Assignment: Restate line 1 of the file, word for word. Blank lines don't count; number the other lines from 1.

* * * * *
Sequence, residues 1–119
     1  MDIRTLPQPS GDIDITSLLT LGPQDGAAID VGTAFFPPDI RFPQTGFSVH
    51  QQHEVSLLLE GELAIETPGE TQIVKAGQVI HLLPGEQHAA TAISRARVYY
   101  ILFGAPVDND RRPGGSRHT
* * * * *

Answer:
Sequence, residues 1–119